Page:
Dare to Say Yes, And: #pinksocks and Improv

Jay Gerhart
Things Jay Writes
Published in
5 min readFeb 3, 2019


A few months ago, over Thanksgiving, I wrote a reflection that acknowledged a number of influencers on my life over the past couple of years. (https://medium.com/things-jay-writes/a-thanksgiving-reflection-711ed749cac8 )

Two of them were Kelly Leonard of The Second City and Nick Adkins, founder of the worldwide pinksocks movement that is 40,000+ strong. Since then, I’ve been thinking about the strong alignment of the principles underlying both improv and pinksocks.

I won’t tell the pinksocks story here because the website https://pinksocks.life/and Nick’s words tell it much better than I could. However, I’d like to share a few thoughts on where I see a common voice in the “heart speak” of improv and pinksocks. To frame these thoughts, I’ll borrow three direct quotes from Nick’s 2017 Tedx San Francisco talk, Dare to say YES!

1. Say Yes: “Yes is where the fun is! If you say no, the story ends.”

The most well-known principle of improv is Yes, And. Any improvisor who sees Nick’s quote above will immediately nod and smile. In improv, you not only say yes to your scene partner, you add to what they’ve offered and the story builds. Recently, I’ve been using two basic Second City exercises in innovation design sessions and other team-building meetings: (1) Yes, And, and (2) One Word Story. They are short, simple and seem to resonate every time. Try them! Practice avoiding the word “No” for a day. Practice avoiding the words “Yes, But.” Reading about Yes, And is great, but actively participating in these exercises will make it stick.

2. Gifting: “Your gift is simply accepting their gift, sitting in that moment and saying yes.”

Nick brought the principle of gifting from Burning Man several years ago and it is fundamental to the pinksocks movement. Perhaps someone sees your pinksocks and tells you that they like them. They smile, because the socks make them happy. You share space with them and make a human connection. Then you give them a pair of socks, expecting nothing in return. Perhaps you give them two — then they can do the same for someone else.

In improv, great scenes are built upon gifts from your scene partners. If you don’t stay in that moment and really listen, you might miss a gift. Improv is usually funny, but it’s often not about trying to be funny. It’s not stand-up comedy — it’s a true team sport, or as Kelly prefers, an ensemble activity. Often, the greatest gift you can give on stage is a solid initiation to a scene. Not a funny one-liner, but something real with specifics that triggers ideas for your scene partners. Be in the moment, accept gifts, and offer gifts that move the scene forward.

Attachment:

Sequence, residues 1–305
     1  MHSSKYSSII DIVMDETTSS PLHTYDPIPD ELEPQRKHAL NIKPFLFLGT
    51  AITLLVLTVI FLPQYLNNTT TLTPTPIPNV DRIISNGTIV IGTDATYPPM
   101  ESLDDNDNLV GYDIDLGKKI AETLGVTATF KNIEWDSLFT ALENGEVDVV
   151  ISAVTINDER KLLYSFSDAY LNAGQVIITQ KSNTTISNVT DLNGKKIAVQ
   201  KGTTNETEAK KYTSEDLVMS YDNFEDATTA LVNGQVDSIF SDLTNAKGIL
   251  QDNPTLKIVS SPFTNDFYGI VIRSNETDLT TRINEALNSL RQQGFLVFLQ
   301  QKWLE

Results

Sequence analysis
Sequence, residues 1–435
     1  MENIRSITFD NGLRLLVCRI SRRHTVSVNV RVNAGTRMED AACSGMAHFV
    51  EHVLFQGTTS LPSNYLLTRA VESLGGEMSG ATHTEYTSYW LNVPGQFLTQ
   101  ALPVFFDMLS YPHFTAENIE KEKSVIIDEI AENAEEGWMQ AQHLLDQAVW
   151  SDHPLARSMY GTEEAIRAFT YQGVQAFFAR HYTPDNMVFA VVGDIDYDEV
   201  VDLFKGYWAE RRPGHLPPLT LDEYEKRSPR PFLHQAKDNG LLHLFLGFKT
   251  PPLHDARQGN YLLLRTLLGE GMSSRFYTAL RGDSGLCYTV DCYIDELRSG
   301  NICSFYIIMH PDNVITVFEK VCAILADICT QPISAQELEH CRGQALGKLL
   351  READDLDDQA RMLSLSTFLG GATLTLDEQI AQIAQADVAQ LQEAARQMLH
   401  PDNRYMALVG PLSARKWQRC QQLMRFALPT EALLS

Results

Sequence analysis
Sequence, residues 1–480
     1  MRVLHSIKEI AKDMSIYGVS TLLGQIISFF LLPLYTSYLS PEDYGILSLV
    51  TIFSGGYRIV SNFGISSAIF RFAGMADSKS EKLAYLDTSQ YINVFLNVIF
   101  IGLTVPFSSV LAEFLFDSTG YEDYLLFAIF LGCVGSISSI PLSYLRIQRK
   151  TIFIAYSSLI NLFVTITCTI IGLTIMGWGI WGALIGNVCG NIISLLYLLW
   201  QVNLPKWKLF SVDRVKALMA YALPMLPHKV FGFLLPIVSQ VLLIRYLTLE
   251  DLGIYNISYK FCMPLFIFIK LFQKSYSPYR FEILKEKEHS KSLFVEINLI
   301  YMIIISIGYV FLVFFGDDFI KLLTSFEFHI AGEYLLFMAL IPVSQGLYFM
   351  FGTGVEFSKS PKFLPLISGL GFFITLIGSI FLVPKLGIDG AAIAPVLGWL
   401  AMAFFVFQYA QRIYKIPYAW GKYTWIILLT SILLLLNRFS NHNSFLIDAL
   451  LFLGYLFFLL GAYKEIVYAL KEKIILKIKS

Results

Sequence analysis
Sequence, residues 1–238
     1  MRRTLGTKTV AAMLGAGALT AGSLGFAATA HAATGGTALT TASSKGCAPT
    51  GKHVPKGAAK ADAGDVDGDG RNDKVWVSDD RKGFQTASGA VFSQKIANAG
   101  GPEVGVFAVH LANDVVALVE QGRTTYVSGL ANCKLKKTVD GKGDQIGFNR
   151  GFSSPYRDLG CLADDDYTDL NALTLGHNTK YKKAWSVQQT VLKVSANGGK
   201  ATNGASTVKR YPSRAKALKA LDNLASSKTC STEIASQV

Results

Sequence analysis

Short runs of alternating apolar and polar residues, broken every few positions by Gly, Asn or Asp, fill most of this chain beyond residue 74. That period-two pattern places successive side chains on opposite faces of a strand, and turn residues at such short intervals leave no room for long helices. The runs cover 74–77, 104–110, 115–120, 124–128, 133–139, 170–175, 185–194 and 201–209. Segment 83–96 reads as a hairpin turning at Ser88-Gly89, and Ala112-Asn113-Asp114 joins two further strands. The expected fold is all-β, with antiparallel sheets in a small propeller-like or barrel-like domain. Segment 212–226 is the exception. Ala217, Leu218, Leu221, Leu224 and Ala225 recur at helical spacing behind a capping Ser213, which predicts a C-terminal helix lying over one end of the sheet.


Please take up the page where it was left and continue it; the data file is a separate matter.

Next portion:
3. Empathy: “Empathy, what is it? It’s stopping your mind. It’s really seeing someone. It’s allowing yourself to be seen. It’s listening to their story. It’s feeling their story.”

Will Hines is a long-time improv teacher and performer with the Upright Citizens Brigade who wrote “How to be the Greatest Improvisor on Earth.” He boils down a number of improv “rules” that are often taught to three basic things that characters should generally do:

· KNOW what they’re doing

· CARE about whatever the main issues of the scene happen to be, and

· SAY how they feel about things

If improvisors do these things while listening and seeing with empathy, they will likely be good improvisors. And I believe that if you practice these things in your life, you will likely be a better person.

Call to action

So, if you’re in the pinksocks tribe and you’re not familiar with improv, I encourage you to expose yourself to it in some way. You could start by finding a local improv company and attending a show. You could even take a class — trust me, it’s transformational. Watch Kelly Leonard’s Ted Talk linked below, read his book Yes, And, and/or listen to his podcast, Getting to Yes, And. You might bring in improv professionals to conduct a workshop in your organization. Or simply start saying “Yes, And” more.

If you’re in improv and haven’t heard about the pinksocks movement, watch Nick’s Tedx Talk linked below. You already have a mindset that connects you to it, or perhaps another way of making human connections. Take the principles of improv out beyond your improv tribe — work, home, faith community, etc.

If you’re not in either of these tribes, try one, or both!

Nick’s web site closes with:

“The pinksocks are our reminder that shared connection is what it’s all about. Have fun! Smile! Give hugs! Life, it’s happening right now! Don’t miss it!”

LOVE MORE. fear less.

There’s a great video on the pinksocks web site under the title “pinksocks and the power of connection.” Towards the end, you see a circle of ten pinksocks tribe folks, in one large hug. That makes me smile and think about the new improv team I play with at Charlotte Comedy Theatre, Group Hugs ’n’ Harmony. We share that hug before and after shows. We’ve found a new tribe, new human connections. We’re learning how to be fearless together. And we are definitely having fun!

Group Hugs ’n’ Harmony at Charlotte Comedy Theatre, January 26, 2019

How to Learn More:

Nick’s Ted Talk: https://www.youtube.com/watch?v=xQLWUD6O9C0

Nick Adkins on Twitter: @nickisnpdx #pinksocks

Kelly Leonard & Tom Yorton’s Yes, And on Amazon:


Kelly Leonard’s Ted Talk:


Kelly Leonard’s Podcast — The Second City Works “Getting to Yes And”


The start of my improv journey at The Second City:




Jay Gerhart
Things Jay Writes

I think the world is better with the theories of Dr. Clay Christensen, Human-Centered Design and Improv. Producer of A Sherpa's Guide to Innovation Podcast.